The Spine of the Earth
In October of last year an unprecedented six-month project opened across Southern California. Pacific Standard Time: Art in L.A. 1945 – 1980 is a collaborative series of exhibitions and performances that for the first time create a coherent narrative for the birth of the Los Angeles art scene. Organized and funded in large part by the Getty Research Institute and Getty Trust, respectively, the enormous festival include the work of 1300 artists in 68 museum exhibitions and 70 gallery shows. It covers everything from Pop Art to modernist architectur e, the rise of installation and multi-media art, Chicano and African-American art movements, and artists’ collectives such as the Woman’s Building.
A unique segment of “PST” was the 11-day festival of performance and public art that had artists recreating, reinterpreting, and re-envisioning seminal events from the past as well as creating new works. Artists such as Eleanor Antin, Judy Chicago, Suzanne Lacy, Robert Wilhite, and James Turrell installed and performed work. Among them was Lita Albuquerque, who made what amounted to the second part of an earthwork first done in 1980 on the El Mirage Dry Lake bed in the Mojave north of Los Angeles. Spine of the Earth was an ephemeral land art drawing created by Lita and executed with the help of art students from Long Beach State University. The work was executed as a choreographed performance piece in red, yellow, and black pigment, a design that connected heaven earth through geometrical forms oriented to celestial events. More than 600 feet in diameter, the work could be seen in its entirety only from the air, a physical circumstance that reinforced the connection of sky to ground. The central figure of the work was a red spiral, a traditional form used worldwide in rock art, as well as by artists such as Robert Smithson.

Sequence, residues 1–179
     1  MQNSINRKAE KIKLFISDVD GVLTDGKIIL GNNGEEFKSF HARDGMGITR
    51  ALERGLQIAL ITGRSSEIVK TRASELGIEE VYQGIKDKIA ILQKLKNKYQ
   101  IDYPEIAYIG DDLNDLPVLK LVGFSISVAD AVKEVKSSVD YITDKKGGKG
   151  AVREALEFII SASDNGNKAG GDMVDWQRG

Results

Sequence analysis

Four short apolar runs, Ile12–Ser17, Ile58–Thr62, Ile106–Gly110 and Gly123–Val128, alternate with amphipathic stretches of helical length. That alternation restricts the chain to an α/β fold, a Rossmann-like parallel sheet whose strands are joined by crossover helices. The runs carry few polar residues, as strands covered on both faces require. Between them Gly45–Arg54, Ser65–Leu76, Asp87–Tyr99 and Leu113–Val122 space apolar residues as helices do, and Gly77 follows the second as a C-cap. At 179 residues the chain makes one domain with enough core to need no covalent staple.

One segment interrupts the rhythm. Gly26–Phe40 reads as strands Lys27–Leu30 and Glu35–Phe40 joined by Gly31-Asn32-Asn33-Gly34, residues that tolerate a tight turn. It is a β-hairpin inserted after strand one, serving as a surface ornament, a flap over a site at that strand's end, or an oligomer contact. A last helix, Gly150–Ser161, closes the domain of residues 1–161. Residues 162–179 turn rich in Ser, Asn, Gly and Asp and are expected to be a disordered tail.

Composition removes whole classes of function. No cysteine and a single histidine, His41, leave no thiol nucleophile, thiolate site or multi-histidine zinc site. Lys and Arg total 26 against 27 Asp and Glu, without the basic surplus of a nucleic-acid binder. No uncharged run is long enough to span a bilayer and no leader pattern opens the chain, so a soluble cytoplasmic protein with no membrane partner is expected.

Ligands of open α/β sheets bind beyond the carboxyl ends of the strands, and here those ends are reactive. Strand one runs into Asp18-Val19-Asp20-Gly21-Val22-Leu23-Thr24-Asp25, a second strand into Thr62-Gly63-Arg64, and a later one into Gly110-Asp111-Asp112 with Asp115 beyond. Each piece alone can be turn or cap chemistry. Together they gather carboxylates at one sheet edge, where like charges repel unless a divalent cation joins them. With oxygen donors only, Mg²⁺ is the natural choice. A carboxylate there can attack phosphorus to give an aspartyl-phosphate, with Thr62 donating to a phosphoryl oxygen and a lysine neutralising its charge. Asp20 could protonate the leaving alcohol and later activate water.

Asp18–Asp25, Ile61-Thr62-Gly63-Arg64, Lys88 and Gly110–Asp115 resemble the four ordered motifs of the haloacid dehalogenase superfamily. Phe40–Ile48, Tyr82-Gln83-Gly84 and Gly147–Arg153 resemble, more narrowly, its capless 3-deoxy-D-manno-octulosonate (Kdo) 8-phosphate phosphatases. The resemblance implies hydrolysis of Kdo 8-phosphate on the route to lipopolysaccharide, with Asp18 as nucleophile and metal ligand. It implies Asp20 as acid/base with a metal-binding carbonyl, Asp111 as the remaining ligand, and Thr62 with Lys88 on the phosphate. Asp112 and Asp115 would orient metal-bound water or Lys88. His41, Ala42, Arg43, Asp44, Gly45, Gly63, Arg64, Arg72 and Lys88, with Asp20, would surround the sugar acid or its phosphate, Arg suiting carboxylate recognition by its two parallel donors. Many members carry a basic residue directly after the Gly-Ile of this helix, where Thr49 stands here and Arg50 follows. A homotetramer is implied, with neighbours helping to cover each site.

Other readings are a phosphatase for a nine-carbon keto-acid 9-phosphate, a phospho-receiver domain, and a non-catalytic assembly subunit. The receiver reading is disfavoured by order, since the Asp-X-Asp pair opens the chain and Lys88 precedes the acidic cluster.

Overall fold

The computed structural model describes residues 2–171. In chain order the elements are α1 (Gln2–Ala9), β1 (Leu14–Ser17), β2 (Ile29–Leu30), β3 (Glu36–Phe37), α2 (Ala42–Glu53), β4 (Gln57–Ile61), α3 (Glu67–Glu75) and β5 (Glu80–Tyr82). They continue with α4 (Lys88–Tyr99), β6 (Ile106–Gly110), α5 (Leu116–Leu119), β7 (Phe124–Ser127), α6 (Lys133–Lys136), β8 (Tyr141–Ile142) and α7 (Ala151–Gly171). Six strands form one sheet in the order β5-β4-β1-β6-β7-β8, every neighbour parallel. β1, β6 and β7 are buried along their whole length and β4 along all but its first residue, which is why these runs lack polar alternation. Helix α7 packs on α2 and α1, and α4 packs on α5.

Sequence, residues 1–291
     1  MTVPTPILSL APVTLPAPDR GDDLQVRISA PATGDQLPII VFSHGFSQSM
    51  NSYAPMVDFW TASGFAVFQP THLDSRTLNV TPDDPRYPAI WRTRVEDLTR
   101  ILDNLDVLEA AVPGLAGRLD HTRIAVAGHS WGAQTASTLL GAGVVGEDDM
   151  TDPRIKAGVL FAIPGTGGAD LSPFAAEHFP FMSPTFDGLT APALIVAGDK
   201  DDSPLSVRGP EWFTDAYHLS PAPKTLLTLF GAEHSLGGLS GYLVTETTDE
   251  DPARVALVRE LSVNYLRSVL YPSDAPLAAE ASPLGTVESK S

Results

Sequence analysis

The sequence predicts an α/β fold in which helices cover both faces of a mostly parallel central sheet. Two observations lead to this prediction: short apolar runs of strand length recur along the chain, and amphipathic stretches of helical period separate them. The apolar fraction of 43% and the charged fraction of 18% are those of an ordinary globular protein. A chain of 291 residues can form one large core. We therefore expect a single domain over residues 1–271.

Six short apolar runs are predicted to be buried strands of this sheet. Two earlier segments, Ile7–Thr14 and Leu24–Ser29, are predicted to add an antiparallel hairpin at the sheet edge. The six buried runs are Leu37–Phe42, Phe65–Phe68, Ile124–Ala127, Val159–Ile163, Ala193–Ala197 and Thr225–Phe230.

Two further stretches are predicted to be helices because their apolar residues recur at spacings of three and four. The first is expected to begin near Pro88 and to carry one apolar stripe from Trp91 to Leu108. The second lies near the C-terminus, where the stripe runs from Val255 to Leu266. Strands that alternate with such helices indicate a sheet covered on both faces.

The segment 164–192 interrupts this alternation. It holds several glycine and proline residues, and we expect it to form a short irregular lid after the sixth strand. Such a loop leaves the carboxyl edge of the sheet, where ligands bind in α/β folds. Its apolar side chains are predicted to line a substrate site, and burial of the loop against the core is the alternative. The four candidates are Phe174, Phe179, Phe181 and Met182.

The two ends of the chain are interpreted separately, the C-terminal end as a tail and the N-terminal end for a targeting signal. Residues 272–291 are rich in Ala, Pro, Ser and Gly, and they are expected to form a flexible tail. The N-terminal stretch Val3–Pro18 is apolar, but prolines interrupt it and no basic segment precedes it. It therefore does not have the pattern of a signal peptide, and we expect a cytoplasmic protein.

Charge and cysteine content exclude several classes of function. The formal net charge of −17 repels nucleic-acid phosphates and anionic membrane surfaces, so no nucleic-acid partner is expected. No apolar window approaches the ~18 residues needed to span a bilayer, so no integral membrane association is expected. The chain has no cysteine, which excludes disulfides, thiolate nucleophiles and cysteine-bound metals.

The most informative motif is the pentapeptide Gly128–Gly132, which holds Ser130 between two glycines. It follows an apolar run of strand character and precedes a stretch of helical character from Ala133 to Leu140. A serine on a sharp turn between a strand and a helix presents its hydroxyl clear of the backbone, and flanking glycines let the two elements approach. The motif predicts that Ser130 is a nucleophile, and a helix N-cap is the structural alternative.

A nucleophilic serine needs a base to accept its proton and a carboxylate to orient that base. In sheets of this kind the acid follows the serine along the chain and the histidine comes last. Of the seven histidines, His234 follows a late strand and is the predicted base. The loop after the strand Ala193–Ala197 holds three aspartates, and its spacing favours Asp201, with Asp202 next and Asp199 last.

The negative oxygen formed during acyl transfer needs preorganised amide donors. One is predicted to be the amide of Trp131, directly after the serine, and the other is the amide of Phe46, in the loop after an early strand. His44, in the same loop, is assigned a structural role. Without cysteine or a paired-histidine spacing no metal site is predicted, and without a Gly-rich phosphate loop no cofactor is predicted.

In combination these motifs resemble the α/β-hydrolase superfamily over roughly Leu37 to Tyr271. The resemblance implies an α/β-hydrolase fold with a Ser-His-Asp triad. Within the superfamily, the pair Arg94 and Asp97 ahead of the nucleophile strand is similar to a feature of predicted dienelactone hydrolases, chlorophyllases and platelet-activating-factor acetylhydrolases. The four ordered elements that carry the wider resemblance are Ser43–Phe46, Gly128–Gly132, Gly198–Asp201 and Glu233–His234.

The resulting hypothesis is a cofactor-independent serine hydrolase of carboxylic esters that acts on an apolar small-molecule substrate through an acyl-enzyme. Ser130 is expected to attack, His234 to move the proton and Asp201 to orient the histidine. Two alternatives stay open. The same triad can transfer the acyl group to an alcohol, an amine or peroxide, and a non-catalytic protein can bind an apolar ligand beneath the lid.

For the new work, Albuquerque assembled more than 300 people in red jumpsuits atop the Baldwin Hills Scenic Overlook, which stands in between the Los Angeles International Airport and Culver City. Spine of the Earth 2011 commenced movement when a skydiver jumped from 3,000 feet above the site and plummeted downward, trailing a plume of red smoke, and landing on a hilltop target. Her landing in the middle of the spiral initiated its unspooling, which proceeded down the steep stone steps connecting the top of the hills to the plain below.
Once again the work could only be perceived in totality from above, which is where photographer Michael Light and I were circling in a helicopter anywhere from 1000-1500 feet above the performance. The red human spiral was last used by Albuquerque in the Antarctic for her Stellar Axis project, the records from which reside in the CA+E Archive Collections. Both projects will be included in the book that we’re publishing about Albuquerque’s work that we’ll be publishing with Skira Rizzoli in 2014.